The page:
Archive for ‘Second World War’

Friday, 24 April 2020

The Meaning of War by Katherine Gallagher

(i.m. Robert Phelan)

I remember you, soldier-uncle
on your first leave.
1942. Your homecoming
had turned the house upside-down:
Just arrived from Milne Bay—1
no garlanded Hector arguing loud
against the waste, though we made you
our own hero for your lucky escapes.

At that stage, peace seemed further away
than forever: behind your eyes
was the pain of going back.
You tried jokes,
wagered your nine lives,
drew the mad, mad terror—
‘In the beginning, half the time
we bloody fought with axes.’

Fought with axes …
You were the first to teach me
the real meaning of war.

1. Milne Bay—Port in Paua New Guinea, from which the Japanese advance in the South Pacific was first halted in World War II.


Date: 1985

By: Katherine Gallagher (1935- )

Saturday, 17 November 2018

It Is Not You, Pale Lonely Star by Timothy Corsellis

It is not you, pale lonely star,
Nor you, wan weary moon,
With whom I wrestle.
Not with the delicate petal of a rose
Nor with the fantasy of a composer’s tune
Do I match mettle.

It is not death I must fear
For equally I care to live or die
But my struggle is against world’s life
Love beauty? Love nature? I might
If time were granted in this living strife.

My soul was not shaped in hands which chose
The preselection of authority
I cannot live in abstract entities
Comfortable in the canons of convention.

Oh damn the stars,
If I had time enough
I’d turn my music to their praise
But as my limit is the span of living days
I must untune the rhythms of a torpid past
To trace the stern reality of present
Before the future’s eyes.

I will not sing the song of others
In other people’s words;
I will not see the world of others
Through other people’s eyes.
But blue, far into space,
I’ll hurl my judgment of the human race
Upwards to the unassuming sky,
Farther than any bird can fly.

August 22, 1941.

From: Goethals, Helen, The Unassuming Sky: The Life and Poetry of Timothy Corsellis, 2012, Cambridge Scholars Publishing: Cambridge, p. 179.

Date: 1941

By: Timothy Corsellis (1921-1941)

Saturday, 2 September 2017

Cologne by John Bate

To-day my heart is heavy
with the sorrows of Cologne,
the city reaps the bitter
harvest its enemies have sown,
and I, that enemy, am
consumed with their bitterness.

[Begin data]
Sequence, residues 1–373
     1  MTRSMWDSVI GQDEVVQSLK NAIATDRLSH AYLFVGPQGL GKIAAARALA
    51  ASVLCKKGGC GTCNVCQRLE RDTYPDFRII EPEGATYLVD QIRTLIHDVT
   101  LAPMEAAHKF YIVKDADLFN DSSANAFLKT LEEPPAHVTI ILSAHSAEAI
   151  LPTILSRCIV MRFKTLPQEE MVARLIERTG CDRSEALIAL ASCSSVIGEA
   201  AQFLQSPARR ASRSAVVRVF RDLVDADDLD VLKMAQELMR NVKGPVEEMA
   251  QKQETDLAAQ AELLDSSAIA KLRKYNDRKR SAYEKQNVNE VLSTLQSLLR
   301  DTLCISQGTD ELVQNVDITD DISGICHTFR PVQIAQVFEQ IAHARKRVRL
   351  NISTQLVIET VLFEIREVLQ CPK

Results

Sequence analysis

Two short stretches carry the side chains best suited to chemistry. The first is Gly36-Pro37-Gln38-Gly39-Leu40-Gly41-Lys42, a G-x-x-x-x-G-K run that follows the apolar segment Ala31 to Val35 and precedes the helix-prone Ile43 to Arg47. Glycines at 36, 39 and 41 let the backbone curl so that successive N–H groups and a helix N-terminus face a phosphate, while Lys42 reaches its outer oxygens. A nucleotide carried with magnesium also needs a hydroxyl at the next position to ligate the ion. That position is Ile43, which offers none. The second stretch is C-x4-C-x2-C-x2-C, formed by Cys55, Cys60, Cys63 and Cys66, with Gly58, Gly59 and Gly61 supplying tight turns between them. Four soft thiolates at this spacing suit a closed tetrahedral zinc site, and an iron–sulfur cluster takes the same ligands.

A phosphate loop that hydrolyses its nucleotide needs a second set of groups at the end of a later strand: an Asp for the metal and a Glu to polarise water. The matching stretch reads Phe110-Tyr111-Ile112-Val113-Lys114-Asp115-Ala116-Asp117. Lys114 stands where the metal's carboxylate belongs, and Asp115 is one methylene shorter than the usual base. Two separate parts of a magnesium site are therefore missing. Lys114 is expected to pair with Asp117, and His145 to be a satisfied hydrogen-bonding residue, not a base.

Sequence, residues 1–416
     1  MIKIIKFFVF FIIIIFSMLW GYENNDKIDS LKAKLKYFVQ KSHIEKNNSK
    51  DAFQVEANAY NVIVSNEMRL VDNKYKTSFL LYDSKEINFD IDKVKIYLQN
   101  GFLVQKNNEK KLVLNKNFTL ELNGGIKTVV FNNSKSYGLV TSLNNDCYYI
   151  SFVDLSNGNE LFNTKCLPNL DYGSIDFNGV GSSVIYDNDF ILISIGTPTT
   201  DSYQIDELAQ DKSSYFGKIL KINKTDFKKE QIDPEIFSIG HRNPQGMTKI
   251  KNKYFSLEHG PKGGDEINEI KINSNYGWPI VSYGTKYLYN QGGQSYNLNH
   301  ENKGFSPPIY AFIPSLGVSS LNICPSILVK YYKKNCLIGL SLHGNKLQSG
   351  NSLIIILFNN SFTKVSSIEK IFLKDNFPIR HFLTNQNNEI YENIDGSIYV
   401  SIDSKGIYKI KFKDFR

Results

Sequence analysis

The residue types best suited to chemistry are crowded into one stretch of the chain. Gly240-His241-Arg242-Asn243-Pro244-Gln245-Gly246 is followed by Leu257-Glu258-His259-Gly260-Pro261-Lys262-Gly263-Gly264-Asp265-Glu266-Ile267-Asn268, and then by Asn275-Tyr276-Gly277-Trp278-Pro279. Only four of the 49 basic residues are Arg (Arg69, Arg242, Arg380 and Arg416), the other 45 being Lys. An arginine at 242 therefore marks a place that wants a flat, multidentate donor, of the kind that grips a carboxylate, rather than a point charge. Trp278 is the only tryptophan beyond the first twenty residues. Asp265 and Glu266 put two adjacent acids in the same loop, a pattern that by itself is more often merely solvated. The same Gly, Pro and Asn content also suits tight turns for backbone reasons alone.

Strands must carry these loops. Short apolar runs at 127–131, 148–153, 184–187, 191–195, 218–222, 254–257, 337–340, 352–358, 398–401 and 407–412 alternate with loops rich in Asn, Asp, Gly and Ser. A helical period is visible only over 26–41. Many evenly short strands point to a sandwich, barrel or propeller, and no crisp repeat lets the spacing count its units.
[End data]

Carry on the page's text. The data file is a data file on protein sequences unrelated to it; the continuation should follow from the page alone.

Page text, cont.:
How can the June sun shine
adding its pitiful glory
to the cruel glare of the flames,
casting shadows with a jagged line,
this page of the city’s story
lighting, which is dark with shames.

The dry confetti blossoms
in this village street, where tramp
off-duty airmen, lie like the sun’s
small, coloured tears, and here
where Cologne is a word city,
articulated in the cultured drone
of radio announcers, thinking
they have news to match the gospel,
but sounding in their voice no pity,
our hardened, revengeful will,
of which mine is a part, will suffer,
for the victor cities always discover,
unaware of it before it grows,
the interacting sorrow of their foes.

June 1942.

From: Rexroth, Kenneth (ed.), The New British Poets: An Anthology, 1947, New Directions: London, pp. 296-297.

Date: 1942

By: John Bate (1919-2015)

Sunday, 23 July 2017

Commando by John Stanier Waller

He was too young to know the world they knew
Who were its movers; he was only
A child in their terrible hands. When he dreamt
It was of a knight wandering lonely
Through a dark forest. They used his dreams
For their own deeds of moonlight and peril.

He remained cheerful but always dreadfully alone
As he learnt how to throw bombs, gouge eyes, or find
How with a certain twist one can break a man’s neck.
Raids were his joy; he would return almost blind
With the feel of blood, go home and drink
In a kind of forgetfulness; he was envied for that.

You see, all these things were like dreams.
Each horror had its own particular place
In his nightmare; and there at the end
Stood the fair lady, the savior of his race.
That is how it should have ended; but he died, with love
The only frontier that now he could never cross.


Date: 1945

By: John Stanier Waller (1917-1995)

Friday, 14 July 2017

Liberty by Paul Éluard (Eugène Émile Paul Grindel)

On my schoolboy’s notebook
On my desk and on the trees
On the sand on the snow
I write your name

On all the pages read
On all the blank pages
Stone blood paper ash
I write your name

On the gilded images
On warriors’ weapons
On the crown of the kings
I write your name

On the jungle the desert
On nests on reeds
On the echo of my childhood
I write your name

On the night’s wonders
The white bread of days
On the linked seasons
I write your name

On each blue scrap of noon
On the pond moldy sun
On the lake living moon
I write your name

On the sky on the meadows
On the wings of birds
On the millwheel of shadows
I write your name

On the foam of the clouds
On the sweat of the storm
On the rain thick and bleak
I write your name

On every shining form
On the bells of the colors
On physical truth
I write your name

On the paths awakening
On the roads unwinding
On the crowded places
I write your name

On the lamp that is bright
On the lamp that goes dark
On my united houses
I write your name

On the fruit cut in two
Of my mirror and chamber
On my bed’s hollow shell
I write your name

On my fond greedy dog
On his pricked ears his paws
As clumsy as thumbs
I write your name

On my doorway’s springboard
On the familiar objects
On the blest hearthfire
I write your name

On all flesh yielded
On the foreheads of friends
On each hand that extends
I write your name

On the pane of surprise
On the lips that listen
Well above the silence
I write your name

On my refuge that crumbles